Some argue that focusing on goals, whether materialistic or otherwise, can shift your focus away from what is truly important: your daily life. Normal days make up the bulk of your existence, and if you don’t enjoy them, it’s usually not from the lack of a new car. When the new car arrives, and your life doesn’t change, you lose the illusion that it would make your life better, and have to face the reality that there other things between you and happiness. You can either face facts, and appreciate that a bigger house isn’t likely to be the solution either, or get stuck in a vicious circle until you meet a very rude awakening at a later point in life.

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When you’re on your deathbed, what do you think you will recall? The houses you owned? The cars? Or the biggest surprises of your life, the experiences hardest to forget, your greatest friends, and time spent with the ones you loved most?

Most of us would likely be better off if we chose to consciously prioritize people and experiences, over money and possessions.

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Last Updated on July 23, 2019

30 Books Everyone Should Read At Least Once In Their Lives

30 Books Everyone Should Read At Least Once In Their Lives

The greatest books are defined as classics for a reason. Written by the greatest literary minds of their time, they have universal themes, characters, experiences, emotions and perspectives that are still relevant today. Some of them are the very inspiration from which entire modern genres of literary fiction have sprung up from.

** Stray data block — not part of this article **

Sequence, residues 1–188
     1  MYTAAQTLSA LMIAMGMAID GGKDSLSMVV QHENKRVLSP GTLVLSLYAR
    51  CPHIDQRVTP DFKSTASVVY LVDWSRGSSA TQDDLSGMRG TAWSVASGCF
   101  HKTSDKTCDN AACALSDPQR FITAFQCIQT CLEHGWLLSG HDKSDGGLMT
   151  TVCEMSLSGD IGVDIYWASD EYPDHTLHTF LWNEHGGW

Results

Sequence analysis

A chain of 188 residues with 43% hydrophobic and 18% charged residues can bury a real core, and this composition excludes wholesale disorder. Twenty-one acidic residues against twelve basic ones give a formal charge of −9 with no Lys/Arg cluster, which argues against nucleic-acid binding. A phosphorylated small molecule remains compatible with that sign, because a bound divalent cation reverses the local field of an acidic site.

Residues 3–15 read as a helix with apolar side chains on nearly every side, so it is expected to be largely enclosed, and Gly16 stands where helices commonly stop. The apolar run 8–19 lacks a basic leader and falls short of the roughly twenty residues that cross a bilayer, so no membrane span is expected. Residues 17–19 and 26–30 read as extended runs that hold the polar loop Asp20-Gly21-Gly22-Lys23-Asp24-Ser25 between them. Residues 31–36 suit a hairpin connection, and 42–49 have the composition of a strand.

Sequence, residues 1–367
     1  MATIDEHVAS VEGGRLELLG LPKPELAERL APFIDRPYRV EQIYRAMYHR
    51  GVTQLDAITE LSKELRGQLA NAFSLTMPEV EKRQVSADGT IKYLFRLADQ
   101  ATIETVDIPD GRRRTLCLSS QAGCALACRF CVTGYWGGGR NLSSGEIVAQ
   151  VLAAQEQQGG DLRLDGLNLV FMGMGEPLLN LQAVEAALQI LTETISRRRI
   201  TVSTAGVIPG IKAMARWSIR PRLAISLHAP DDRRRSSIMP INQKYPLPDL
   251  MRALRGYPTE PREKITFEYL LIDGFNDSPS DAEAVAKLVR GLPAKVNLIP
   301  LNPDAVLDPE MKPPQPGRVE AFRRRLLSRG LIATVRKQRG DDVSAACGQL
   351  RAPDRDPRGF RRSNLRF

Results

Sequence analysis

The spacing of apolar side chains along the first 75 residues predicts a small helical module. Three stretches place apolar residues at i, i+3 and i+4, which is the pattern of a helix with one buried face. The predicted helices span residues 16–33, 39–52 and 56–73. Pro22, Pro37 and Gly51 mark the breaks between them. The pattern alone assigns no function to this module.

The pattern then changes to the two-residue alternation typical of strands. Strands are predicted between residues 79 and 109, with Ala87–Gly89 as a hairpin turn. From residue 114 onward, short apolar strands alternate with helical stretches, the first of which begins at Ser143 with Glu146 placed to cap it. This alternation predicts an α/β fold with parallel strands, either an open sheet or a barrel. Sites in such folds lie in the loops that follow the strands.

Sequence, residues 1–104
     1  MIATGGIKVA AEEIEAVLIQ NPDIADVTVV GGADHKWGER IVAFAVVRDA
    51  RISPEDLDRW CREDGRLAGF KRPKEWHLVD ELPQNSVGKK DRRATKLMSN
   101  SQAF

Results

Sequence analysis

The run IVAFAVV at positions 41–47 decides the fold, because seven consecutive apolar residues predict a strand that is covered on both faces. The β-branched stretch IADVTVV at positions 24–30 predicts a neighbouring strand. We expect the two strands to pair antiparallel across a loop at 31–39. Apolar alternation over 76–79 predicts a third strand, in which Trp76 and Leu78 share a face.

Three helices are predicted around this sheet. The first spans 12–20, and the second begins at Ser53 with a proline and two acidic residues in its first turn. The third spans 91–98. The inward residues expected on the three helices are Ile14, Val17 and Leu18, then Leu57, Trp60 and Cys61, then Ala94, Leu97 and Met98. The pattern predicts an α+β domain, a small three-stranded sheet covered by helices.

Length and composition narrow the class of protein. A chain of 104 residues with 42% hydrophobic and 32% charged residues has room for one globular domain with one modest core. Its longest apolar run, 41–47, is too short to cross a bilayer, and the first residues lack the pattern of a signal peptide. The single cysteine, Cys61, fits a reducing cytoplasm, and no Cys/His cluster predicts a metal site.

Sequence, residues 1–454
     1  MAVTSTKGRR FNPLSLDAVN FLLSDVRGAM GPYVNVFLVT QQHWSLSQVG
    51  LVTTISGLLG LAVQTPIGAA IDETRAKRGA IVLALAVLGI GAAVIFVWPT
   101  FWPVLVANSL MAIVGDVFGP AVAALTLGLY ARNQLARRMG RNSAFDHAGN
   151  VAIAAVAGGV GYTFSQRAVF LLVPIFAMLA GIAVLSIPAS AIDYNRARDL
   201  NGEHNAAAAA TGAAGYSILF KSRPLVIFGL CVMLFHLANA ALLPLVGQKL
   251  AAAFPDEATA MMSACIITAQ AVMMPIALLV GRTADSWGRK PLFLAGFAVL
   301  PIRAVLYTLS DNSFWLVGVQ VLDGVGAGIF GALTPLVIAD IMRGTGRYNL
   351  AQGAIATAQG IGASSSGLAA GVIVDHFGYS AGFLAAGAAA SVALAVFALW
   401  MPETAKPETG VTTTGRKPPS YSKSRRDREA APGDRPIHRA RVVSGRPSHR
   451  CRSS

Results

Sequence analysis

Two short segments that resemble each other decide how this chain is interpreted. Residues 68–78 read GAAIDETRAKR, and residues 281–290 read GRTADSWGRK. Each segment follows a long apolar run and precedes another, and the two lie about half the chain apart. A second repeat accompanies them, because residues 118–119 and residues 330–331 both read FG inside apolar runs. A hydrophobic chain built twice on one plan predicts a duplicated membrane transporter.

If you love reading, here’s a perfect reading list for you. Even if you aren’t so much into reading, here’re 10 reasons to love reading.

Everyone should read at least once for these 30 books — some are well known classics, others are modern giants.  All are well worth reading at least once in your life!

1. To Kill a Mockingbird, by Harper Lee

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    Published in 1960, this timeless classic explores human behaviour and the collective conscience of The Deep South in the early 20th century. Humour entwines the delicate strands of prejudice, hatred, hypocrisy, love and innocence to create one of the best novels ever written.

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    2. 1984, by George Orwell

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      Although 1984 has passed us by, George Orwell’s dystopian, totalitarian world of control, fear and lies has never been more relevant. Delve into the life of Winston Smith as he struggles with his developing human nature in a world where individuality, freewill and love are forbidden.